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News Article

Heatwaves in Mexico Cause Hospital Admissions, Death

By Sofía Garduño | Fri, 07/15/2022 - 13:01

The high temperatures hitting Mexico since the 12th week of 2022 have caused 690 health emergencies and eight, reported the General Direction of Epidemiology (DGE). Heatwaves can affect physical and mental health. Mexico’s National Water Commission (CONAGUA) informed that the highest temperature peak will take place between July and August.

 

“Extreme heat events can be dangerous to health, even fatal. These events result in increased hospital admissions for heat related illness, as well as cardiovascular and respiratory disorders,” says the US’s Center for Disease Control and Prevention (CDC).

 

Mexico’s heatwaves are linked to the decrease in rain and are part of the country’s climatic variability, which makes it difficult to forecast their specific start date, duration and intensity, according to CONAGUA. Heatwaves in Mexico are characterized by hot air and temperatures above 37° C.

 

As of today, Baja California, Campeche, Oaxaca, Quintana Roo, Sonora and Tabasco have reported deaths associated with high temperatures. During the hot season of 2021, 33 deaths were reported. Those between 45 and 64 years old are the most vulnerable to high temperatures, according to DGE.

 

Heat exposure causes sun burns, cramps, respiratory problems, heat exhaustion and heatstroke. The last one has been the most common cause of death related to heat during the current hot season in Mexico. It can also cause permanent disability if it is not treated, as reported by the CDC. High temperatures can also worsen symptoms of mental conditionsand have been linked to an increase in manic episodes of bipolar disorder, suicide attempts, anxiety and depression. Research has shown that mental health related deaths increase by 2.2 percent for every 1° C increase in monthly average temperatures, according to WEF.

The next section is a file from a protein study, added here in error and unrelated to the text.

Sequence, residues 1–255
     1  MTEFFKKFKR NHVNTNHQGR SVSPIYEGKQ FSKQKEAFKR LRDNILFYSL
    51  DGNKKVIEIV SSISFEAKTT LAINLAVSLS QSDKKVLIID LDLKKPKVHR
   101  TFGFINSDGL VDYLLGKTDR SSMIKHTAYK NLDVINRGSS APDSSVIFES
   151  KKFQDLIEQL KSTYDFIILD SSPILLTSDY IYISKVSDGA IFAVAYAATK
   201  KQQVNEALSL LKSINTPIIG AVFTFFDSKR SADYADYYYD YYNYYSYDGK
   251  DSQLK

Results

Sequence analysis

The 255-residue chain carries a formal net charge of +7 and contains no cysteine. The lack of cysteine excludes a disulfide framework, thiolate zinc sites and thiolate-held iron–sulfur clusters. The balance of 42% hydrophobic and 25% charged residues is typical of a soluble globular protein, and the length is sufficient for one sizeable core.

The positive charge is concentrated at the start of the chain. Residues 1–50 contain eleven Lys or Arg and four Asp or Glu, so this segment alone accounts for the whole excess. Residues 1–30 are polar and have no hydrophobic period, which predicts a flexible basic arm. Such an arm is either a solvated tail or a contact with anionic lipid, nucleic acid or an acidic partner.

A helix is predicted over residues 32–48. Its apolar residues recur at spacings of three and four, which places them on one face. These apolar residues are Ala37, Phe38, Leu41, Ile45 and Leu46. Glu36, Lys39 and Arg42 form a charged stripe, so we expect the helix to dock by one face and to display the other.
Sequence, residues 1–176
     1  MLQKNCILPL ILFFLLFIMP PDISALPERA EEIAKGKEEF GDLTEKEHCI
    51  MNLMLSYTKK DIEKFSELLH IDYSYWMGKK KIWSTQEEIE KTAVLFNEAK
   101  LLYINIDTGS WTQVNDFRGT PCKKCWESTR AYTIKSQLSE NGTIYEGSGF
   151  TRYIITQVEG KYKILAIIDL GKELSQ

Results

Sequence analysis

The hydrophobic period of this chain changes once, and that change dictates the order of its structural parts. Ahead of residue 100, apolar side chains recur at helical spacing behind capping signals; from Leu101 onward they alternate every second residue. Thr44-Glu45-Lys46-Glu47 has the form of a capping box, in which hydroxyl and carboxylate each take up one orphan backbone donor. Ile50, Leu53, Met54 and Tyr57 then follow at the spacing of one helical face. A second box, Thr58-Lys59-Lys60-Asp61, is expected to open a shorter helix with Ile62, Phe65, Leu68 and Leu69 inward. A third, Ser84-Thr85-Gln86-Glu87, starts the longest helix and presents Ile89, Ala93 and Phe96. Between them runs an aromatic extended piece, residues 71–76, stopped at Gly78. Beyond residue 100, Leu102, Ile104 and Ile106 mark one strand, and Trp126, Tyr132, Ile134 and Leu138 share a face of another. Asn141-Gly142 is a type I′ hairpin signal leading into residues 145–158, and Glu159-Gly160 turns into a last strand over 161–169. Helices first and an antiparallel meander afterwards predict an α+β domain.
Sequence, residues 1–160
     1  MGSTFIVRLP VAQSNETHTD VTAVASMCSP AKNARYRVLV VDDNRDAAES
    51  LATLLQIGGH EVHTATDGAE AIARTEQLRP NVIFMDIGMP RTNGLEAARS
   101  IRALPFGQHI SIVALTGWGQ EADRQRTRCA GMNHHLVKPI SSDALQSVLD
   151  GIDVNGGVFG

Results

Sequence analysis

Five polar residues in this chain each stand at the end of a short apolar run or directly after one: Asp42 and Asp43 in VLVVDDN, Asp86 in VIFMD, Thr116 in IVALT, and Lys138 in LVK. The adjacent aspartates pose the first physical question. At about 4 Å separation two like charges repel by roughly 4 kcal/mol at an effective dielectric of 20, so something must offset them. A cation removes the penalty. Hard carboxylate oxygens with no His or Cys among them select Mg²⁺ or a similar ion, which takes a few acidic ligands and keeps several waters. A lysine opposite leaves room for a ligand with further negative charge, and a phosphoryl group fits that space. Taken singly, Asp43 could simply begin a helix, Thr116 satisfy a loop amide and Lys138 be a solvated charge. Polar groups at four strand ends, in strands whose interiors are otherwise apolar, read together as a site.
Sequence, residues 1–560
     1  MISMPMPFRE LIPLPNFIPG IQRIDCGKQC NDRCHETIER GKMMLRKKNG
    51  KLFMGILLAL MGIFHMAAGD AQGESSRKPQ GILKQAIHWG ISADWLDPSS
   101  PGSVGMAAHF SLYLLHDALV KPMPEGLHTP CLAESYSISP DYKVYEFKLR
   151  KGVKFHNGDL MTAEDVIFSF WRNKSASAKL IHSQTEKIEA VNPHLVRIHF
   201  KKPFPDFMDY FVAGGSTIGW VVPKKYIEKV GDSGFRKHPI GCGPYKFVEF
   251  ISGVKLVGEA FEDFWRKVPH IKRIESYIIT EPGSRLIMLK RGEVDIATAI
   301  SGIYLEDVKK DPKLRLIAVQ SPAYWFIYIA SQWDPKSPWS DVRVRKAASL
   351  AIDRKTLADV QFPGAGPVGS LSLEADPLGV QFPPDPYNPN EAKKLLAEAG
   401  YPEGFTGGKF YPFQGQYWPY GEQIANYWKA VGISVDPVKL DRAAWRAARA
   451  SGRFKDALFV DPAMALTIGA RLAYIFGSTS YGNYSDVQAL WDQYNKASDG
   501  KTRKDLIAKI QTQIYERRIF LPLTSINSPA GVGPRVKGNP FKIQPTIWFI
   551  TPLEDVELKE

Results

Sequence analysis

Why is the world warmer?

The record-breaking temperatures being experienced across the world are linked to human activities. There is over 95 percent of probability that human activities have warmed the planet during the past 50 years, as reported by NASA.

 

“Climate change is making heatwaves hotter and last longer around the world. Scientists have shown that many specific heatwaves are more intense because of human-induced climate change. The climate change signal is even detectable in the number of deaths attributed to heatwaves,” said Vikki Thompson, Scientist, University of Bristol’s Cabot Institute, to The Guardian.

 

The burning of fossil fuels due to human activities has changed the natural atmosphere and its negative consequences are expected to worsen. As the earth becomes warmer, there will be more evaporation and precipitations and sea level will rise, forecasts NASA.

 

The data used in this article was sourced from:  
DGE, CONAGUA, WEF, NASA, The Guardian, CDC
Photo by:   pixabay , geralt
Sofía Garduño Sofía Garduño Journalist & Industry Analyst